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beck's futures 2004, ica
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comment by claudiaw    Mar 26, 2004
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comment by weegie     Mar 26, 2004
yes, claudiaw, lets talk about it.

so have you picked a winner? i rather like tonico lemos auad's fluff animals they look kinda fun!

saskia olde wolbers films look incredibly crafted, what's the 'story' like, row?

i like the idea of susan philipsz piece - again it sounds kinda fun - reminds me of david sherry (a becks future nominee)'s latest piece at the gallery of modern art in glasgow - where he hung around shops that were just about to close to see what happens - it was funny!

but as to who is going to win? ... who knows!

just to respond to a couple of things row wrote in her review ...

"Out of the prize’s five-year history, which has showcased over 50 people, it’s hard to spot many, besides David Shrigley and Francis Upritchard (featured in Saatchi’s current New Blood exhibition), who’ve really managed to capitalise on being included."

david sherry, roddy buchanan, jim lambie, rosalind nashashibi, toby paterson... just because they haven't had high-profile shows in london doesn't mean they haven't capitalised on their inclusion... this year i've seen shows from jim lambie (the current exhibtion at the cca, plus he represented scotland at the venice beinnale); the afore mentioned david sherry at goma; toby paterson and i think roddy's been exhibiting in japan.

as for worrying about 7 out of the 10 being london-based... don't worry, glasgow's just havin' a rest year - after all, what is it? 4 out of the last 5 winners (goodness! its only been going on for 5 years!) ... have all been glasgow based artists!

<biggrin>
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comment by rowan    Mar 29, 2004
I thought the carpet fluff pieces were great too. They're very slight and subtle, but manage to say quite a lot in a way, while remaining jokey and entertaining. They're like pets made from throw away stuff. I'd be happy if they won.

The Saskia Olde Wolbers film was intriguing and very dream like. It's narrated by this man in a comma who talks about how he posed as a surgeon but also there's a love story aspect as well. The images and narration aren't directly linked, but it lingered in my mind for a while.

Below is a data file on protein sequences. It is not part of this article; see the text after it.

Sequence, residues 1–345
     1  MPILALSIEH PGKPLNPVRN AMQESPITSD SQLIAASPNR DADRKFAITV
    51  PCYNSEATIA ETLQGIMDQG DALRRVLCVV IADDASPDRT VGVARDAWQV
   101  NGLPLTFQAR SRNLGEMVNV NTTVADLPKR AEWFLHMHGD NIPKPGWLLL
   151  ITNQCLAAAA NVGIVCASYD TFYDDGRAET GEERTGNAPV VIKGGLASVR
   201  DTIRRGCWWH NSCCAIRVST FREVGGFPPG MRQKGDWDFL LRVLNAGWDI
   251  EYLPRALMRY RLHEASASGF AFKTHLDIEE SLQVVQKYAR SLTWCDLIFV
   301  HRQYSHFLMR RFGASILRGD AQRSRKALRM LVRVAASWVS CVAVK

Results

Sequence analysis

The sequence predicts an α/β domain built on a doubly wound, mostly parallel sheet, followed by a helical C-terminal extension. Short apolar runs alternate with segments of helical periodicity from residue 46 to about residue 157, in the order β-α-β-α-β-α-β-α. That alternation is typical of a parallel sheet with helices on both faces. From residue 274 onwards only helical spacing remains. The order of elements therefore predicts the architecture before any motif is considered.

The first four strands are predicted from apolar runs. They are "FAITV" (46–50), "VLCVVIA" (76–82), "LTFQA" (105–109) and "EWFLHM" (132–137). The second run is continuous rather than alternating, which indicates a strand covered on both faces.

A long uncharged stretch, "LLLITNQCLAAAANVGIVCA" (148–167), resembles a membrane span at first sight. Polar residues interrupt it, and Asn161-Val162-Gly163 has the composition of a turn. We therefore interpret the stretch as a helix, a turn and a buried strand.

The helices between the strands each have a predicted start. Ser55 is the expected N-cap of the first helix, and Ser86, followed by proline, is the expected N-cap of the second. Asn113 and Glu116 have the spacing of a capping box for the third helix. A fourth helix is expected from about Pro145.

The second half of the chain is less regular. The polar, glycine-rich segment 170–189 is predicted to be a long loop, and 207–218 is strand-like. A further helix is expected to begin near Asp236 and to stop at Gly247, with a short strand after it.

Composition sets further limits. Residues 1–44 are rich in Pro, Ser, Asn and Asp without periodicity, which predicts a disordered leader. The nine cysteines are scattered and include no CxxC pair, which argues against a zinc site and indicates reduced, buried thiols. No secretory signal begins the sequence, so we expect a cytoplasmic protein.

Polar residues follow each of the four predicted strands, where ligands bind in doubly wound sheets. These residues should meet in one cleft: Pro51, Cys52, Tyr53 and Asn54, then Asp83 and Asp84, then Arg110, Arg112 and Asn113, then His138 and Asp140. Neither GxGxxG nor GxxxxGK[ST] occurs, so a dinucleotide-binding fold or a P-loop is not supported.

Point taken about people not having London shows, and I wasn't necessarily looking for people who've been high profile, but what defines those people over all the other people who've had shows in the same time period. Does it bring out the best, or if it just a snap shot?

I also wouldn't want to imply that Glasgow doesn't have a fantastic art scene, or that there aren't other hot spots around the country. It's not entirely a bad thing that lots of art's in one or two places in the country, but is a good thing that most of it's produced in one or two places?
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comment by weegie     Mar 29, 2004
"It's narrated by this man in a comma "

hee hee <biggrin>... quite an interesting philosophical point - have you ever read jeff noon's automated alice? ...

i guess you've got to ask what's the point of any of these prizes - i see another one got doled out yesterday:

http://news.bbc.co.uk/1/hi/wales/3577285.stm...

i don't know, it probably isn't a good thing to have one or two concentrated artistic bubbles. although given the size of the art community, isn't it inevitable?

<biggrin>
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comment by rowan    Apr 1, 2004
I think that prizes do generally bring attention to people/things that wouldn't normally get such attention. The thing about Becks is that it gets huge publicity, possibly because they give so much money (£65000 in total), but I question whether that's in proportion to the scale of the show. I don't want to run it down, it's just that I think it's viewed in a light that doesn't really help a viewers' appreciation of the actual work.

It's a good point that the art world here's pretty small really and so spreading it out across the country would dilute it. I love the fact that there's a vibrant art scene in London but I know that when I lived in Devon I really wanted that and it wasn't there.
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